- Choose a mature stem with a healthy color and supple leaf or leaves! This will give you the best chance of success.
- Examine the stem and look for nodes. Nodes are areas along the stem from which leaves grow. They appear as little bulges along the stem.
- Using a clean, sharp knife to make a clean cut one inch below the lowest node.
- Place your stem cutting in a clear glass container, like a mason jar or a small beaker.
- Make sure the water is just barely covering the bottom of the stem and that no existing leaves are touching that water. If they are, they will quickly rot.
- Change out the water every three to five days or sooner if you notice the water is getting murky.
- Roots will begin to appear within four to five weeks. Once they are approximately two inches long, transplant the newly rooted cutting into fresh soil. Do not water the new plant for two days, as this allows all vulnerable areas of the stem to callous over.
- Start Philodendron Birkin care as normal!
- Pups or offsets are actually new baby plants that appear at the base of the mature plant. It is important to identify and use an offset that is well established.
- Gently move the soil away from the new pup.
- Separate the pup’s roots from the mature Philodendron Birkin’s roots; you can usually do this with your hands, however if the roots are extremely tangled, use a pair of sterile scissors to avoid too much tugging.
- Plant the new pup in fresh soil. Do no water for the first two days.
- After the initial two days, keep the soil moist by misting the base of the plant daily for the next two weeks to allow the roots to establish. At this point, you can begin to care for your new Philodendron Birkin as you would a mature plant.
Yellow leaves on a Philodendron Birkin are a telltale sign of overwatering. Remember that this plant enjoys a moist environment but should not sit in soggy soil that is oversaturated. This can be a fine line to navigate however using well aerated soil and terracotta pots with a drainage hole can help prevent overwatering from becoming an issue.
Old leaves can also turn yellow and this is normal. Yellowing leaves due to old age will only occur in a healthy plant to the bottom-most leaves. These are the oldest leaves. Yellow leaves that are scattered throughout the plant are cause for worry.
Brown Leaf Tips and Edges
This issue points to underwatering and low humidity. Don’t allow your Philodendron Birkin’s soil to dry out too much. It’s time to water when the top one inch of soil is completely dry. If you notice brown edges, the environment around your plant may not be humid enough. In this case, try adding a pebble tray or a small humidifier.
Thrips are a small winged insect that can cause issues. This pest feeds by sucking the nutrients out of plant tissue. You will notice a freckle-like discoloration on your Philodendron Birkin’s leaves.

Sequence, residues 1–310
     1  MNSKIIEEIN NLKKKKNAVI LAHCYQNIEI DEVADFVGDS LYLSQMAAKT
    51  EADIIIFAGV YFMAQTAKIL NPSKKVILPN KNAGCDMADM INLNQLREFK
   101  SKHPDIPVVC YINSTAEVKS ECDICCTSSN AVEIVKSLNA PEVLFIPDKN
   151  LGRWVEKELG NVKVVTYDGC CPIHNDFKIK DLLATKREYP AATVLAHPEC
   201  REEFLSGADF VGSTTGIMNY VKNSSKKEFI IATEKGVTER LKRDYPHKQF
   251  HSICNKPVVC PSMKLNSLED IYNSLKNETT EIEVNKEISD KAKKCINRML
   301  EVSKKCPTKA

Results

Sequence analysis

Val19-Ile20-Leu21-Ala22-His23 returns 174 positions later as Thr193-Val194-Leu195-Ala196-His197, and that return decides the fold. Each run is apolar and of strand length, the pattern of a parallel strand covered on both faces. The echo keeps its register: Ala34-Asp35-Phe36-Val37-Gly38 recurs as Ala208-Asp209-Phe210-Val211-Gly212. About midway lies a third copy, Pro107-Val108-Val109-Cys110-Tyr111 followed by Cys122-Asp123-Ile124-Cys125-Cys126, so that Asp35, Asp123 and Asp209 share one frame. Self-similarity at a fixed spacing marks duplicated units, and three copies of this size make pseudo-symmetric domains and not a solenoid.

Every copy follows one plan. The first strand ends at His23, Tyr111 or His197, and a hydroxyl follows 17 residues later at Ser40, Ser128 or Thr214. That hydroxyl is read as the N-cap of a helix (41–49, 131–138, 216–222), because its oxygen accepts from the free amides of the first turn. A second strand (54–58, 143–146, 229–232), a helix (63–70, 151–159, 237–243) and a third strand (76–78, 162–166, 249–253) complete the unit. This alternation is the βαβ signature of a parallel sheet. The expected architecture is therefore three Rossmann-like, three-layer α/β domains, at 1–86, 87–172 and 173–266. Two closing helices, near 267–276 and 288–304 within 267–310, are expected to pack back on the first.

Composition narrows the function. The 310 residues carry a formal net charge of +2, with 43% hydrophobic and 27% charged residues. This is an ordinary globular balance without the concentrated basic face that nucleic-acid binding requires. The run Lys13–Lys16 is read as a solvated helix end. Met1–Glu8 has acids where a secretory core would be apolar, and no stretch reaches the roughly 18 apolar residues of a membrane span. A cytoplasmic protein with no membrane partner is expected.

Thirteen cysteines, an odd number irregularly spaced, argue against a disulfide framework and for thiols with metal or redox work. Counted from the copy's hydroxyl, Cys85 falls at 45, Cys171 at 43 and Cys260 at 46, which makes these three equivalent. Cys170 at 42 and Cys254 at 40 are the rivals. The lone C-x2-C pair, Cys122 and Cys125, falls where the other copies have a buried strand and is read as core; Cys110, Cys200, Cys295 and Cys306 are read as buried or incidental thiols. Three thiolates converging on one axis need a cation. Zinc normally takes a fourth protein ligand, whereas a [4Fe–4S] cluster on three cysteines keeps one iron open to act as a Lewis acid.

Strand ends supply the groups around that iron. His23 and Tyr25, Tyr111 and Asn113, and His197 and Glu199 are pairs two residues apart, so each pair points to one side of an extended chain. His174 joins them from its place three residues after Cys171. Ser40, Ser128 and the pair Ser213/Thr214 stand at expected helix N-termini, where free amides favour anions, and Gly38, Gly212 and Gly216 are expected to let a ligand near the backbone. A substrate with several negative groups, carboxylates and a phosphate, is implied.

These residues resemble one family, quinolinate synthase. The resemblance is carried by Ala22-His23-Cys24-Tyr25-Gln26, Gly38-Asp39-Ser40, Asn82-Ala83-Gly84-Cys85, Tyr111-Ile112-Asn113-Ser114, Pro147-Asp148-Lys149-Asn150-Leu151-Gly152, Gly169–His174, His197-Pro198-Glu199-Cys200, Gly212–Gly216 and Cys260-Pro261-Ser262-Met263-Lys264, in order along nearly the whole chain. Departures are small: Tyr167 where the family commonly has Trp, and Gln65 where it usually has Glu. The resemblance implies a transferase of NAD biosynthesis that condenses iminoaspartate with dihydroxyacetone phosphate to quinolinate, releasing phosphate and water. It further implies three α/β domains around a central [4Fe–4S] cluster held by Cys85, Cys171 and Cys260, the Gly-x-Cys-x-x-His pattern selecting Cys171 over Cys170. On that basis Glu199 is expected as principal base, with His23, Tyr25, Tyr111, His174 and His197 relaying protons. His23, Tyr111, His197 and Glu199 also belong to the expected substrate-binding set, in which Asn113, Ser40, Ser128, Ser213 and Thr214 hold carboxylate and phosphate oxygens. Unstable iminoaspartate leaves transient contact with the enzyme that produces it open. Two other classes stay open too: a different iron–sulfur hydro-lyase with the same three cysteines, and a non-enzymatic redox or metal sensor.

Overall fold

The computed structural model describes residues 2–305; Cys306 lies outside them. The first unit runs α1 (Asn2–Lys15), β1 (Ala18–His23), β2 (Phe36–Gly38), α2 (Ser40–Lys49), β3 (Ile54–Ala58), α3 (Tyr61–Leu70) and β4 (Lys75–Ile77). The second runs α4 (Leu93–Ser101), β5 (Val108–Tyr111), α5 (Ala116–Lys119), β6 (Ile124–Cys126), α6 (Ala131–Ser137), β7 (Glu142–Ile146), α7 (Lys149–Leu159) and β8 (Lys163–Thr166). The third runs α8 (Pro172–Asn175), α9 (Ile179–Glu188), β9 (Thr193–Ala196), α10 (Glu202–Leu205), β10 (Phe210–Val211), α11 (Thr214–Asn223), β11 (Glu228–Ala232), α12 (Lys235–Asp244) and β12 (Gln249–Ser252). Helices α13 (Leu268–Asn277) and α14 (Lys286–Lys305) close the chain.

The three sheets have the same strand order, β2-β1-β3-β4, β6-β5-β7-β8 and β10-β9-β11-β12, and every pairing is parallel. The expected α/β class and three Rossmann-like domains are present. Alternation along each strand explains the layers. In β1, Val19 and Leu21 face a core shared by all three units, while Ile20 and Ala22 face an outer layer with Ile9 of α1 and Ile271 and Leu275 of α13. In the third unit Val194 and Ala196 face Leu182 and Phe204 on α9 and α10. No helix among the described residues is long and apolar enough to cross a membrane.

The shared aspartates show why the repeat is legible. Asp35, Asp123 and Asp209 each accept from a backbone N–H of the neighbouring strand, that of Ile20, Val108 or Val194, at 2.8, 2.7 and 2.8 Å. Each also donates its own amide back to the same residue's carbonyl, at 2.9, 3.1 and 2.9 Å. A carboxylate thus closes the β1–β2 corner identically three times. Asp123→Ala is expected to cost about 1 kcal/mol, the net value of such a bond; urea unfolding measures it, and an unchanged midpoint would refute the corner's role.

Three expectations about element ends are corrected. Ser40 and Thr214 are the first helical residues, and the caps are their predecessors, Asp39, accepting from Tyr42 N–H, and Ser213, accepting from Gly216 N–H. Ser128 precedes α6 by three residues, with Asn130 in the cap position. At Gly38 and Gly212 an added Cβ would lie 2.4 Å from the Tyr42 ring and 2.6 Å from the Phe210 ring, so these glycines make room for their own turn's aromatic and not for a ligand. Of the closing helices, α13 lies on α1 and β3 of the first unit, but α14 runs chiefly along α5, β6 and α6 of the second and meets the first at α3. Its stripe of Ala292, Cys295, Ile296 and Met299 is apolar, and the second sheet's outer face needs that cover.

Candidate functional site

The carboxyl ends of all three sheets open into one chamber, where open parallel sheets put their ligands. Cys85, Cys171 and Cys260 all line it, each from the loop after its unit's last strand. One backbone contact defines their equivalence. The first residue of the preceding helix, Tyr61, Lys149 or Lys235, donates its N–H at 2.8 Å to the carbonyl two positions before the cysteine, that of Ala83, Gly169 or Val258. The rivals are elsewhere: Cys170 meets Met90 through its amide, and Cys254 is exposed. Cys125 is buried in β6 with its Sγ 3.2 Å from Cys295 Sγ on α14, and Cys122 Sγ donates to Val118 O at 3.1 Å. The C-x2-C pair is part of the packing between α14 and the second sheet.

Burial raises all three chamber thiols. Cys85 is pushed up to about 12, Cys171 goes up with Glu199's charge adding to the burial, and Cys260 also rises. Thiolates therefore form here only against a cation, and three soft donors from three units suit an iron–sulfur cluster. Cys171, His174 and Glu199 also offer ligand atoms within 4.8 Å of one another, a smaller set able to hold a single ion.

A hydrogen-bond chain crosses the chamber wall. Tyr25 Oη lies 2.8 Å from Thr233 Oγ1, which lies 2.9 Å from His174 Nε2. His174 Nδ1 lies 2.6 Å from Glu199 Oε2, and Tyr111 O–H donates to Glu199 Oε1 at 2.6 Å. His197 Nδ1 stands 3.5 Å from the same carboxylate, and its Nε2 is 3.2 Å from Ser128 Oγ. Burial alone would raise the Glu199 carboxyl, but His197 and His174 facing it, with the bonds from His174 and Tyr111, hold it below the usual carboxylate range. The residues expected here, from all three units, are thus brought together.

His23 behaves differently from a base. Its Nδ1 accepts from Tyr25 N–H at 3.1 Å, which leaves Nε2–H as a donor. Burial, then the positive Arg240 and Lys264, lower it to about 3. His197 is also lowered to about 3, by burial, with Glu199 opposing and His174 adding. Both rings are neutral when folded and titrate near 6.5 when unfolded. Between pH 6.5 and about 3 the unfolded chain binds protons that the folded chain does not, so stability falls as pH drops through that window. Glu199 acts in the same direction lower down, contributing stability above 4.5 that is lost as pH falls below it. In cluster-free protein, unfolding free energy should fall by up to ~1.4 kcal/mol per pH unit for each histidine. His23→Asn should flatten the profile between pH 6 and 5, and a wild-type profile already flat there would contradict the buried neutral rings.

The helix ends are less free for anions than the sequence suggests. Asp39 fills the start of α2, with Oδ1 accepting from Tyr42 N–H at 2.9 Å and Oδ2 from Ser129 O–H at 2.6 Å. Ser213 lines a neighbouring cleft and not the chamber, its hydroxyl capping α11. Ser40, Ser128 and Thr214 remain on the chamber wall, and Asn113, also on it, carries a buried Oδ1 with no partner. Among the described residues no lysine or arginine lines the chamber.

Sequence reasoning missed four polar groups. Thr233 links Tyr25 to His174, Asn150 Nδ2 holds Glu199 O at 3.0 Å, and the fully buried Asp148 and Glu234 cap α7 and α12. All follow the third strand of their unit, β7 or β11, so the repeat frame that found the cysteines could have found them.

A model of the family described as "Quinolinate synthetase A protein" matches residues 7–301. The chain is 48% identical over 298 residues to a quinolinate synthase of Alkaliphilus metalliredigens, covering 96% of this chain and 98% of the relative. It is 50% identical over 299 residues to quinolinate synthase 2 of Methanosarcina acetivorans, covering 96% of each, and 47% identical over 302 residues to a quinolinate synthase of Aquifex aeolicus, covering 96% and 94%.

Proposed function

To treat a thrip infestation, first remove all heavily infected leaves. Then gently spray the plant’s leaves and stems with a garden hose or shower head. Follow this by spraying your
P. Birkin with insecticidal soap. The soap will kill the adult thrips, however will not harm any of the eggs as these are actually laid within the plant’s tissues. Another way to catch the adult thrips is by using a sticky insect trap.
To ensure that the eggs have been killed, use a systemic insecticide that is applied to the soil. This will be absorbed by the plant and damage the eggs.
Spider mites are another pest that can infest and wreak havoc on your Philodendron Birkin. If you notice there are fine, white webs throughout your plant, then you have a spider mite problem on your hands.
Remove all webs and obvious spider mites with an alcohol soaked paper towel. I then like to follow this up by misting the entire plant with rubbing alcohol twice a week until all signs of the insects are gone.
Like all philodendrons, Philodendron Birkin is toxic to pets because it contains crystals of calcium oxalate. If you notice your pet drooling excessively or vomiting, please reach out to your emergency vet for treatment!
The Philodendron Birkin is a fascinating plant that came about due to a random mutation of another type of philodendron. This plant likes moist soil and humid environments, just like the tropical rainforests of Brazil. Keep your P. Birkin happy in bright, indirect sunlight and you will be rewarded with spectacularly vibrant green and white striped leaves. You now know how to propagate your Philodendron Birkin so you can multiply the number of eye-catching plants in your collection.